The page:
10 Exceptional UNESCO World Heritage Sites in East Asia – China, Japan, Korea, and Mongolia
1. Mausoleum of the First Qin Emperor
Thousands of terracotta warriors each having matchless features and striking menacing poses guard the mausoleum of the first unifier of China – Qin – who died at around 210 B.C.
Bearing weapons, chariots, and horses, as well as wearing fierce clothes fit for China’s fearless soldiers, the terracotta warriors imitate realism and capture historic interests in a high level.
Their arrangement around the tomb of Qin was supposed to help mirror the urban town planning of the old capital Xianyan.
Inscribed in the UNESCO World Heritage List in 1987, the Mausoleum of the First Qin Emperor can be found in Lintong County, Shaanxi province in China.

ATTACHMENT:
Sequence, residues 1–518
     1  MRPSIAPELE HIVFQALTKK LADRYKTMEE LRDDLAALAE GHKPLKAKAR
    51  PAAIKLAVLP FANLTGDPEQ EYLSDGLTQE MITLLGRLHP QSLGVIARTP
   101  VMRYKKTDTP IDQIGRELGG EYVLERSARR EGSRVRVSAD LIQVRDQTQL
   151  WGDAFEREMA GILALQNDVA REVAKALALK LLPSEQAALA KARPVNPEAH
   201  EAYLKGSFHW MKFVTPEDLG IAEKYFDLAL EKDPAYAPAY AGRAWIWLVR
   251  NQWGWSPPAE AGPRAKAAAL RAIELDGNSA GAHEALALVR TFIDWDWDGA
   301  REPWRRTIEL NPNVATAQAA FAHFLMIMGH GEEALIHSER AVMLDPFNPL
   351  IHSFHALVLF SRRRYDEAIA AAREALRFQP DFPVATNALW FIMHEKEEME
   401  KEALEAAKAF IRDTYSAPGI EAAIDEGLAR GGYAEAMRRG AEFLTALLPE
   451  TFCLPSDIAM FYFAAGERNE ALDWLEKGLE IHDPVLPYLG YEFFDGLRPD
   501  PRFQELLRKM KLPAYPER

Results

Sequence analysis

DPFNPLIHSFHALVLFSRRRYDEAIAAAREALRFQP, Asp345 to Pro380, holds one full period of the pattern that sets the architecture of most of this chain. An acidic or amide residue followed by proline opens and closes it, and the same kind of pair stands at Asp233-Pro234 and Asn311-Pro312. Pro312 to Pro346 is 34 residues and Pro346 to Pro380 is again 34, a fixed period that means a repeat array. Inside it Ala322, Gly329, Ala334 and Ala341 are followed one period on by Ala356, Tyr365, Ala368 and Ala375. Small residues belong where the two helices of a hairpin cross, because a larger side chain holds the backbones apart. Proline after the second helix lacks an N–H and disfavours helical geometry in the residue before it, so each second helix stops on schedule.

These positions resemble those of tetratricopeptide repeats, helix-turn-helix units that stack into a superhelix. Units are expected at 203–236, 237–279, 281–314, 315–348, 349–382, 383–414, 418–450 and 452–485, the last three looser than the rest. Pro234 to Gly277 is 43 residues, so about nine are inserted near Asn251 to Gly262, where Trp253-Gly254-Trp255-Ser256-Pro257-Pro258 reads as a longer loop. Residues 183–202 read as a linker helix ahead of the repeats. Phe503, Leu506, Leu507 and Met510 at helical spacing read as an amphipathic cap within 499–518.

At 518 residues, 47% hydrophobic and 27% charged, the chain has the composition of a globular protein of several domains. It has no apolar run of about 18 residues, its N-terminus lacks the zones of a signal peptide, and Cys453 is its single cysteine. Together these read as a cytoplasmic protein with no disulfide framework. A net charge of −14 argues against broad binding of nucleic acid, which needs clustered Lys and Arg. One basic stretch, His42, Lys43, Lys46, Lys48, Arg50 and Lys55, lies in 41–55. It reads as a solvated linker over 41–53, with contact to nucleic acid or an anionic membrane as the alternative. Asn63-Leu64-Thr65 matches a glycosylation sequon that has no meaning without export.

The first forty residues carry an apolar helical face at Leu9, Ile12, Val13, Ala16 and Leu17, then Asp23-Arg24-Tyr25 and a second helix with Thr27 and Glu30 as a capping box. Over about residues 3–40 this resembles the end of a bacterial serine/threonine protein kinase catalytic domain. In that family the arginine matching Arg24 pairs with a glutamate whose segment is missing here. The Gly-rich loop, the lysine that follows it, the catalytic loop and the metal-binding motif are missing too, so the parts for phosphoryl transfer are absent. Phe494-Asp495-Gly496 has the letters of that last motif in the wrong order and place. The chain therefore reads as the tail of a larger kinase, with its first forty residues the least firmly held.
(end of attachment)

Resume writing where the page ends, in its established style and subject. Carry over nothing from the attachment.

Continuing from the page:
2. Mount Huangshan
Long acclaimed as the loveliest mountain in China, Mount Huangshan has long been the venerable subject of Chinese arts, literature, and even history.
Mount Huanshan is bathed in deep clouds, revealing its granite and rock peaks every now and then to eager pilgrims.
In the mid-16th century, it inspired the great movement in Chinese arts wherein painters would depict the country’s natural beauty through brush and ink instead of paints.
In allusion to the mysterious and lovely Mount Huangshan, this movement is called shan shuior mountain-water.
The imposing peaks of Mount Huangshan and the old eulogies that people devote to this mountain have earned it the titles of both natural and cultural UNESCO World Heritage Site in 1990.
3. Sichuan Giant Panda Sanctuaries
Wolong, Mt. Siguniang, and Jiajin Mountains in the Sichuan Province of China are home to the endearing yet highly endangered pandas.
They cover what is now a natural UNESCO World Heritage Site that measures 924,500 hectares of protected lands dedicated to the preservation of life of the pandas.
The Sichuan Giant Panda Sanctuaries is a refuge and a breeding ground of 30% of the world’s pandas as well as a sanctuary of other endangered animals like the red panda, snow leopard and the clouded leopard.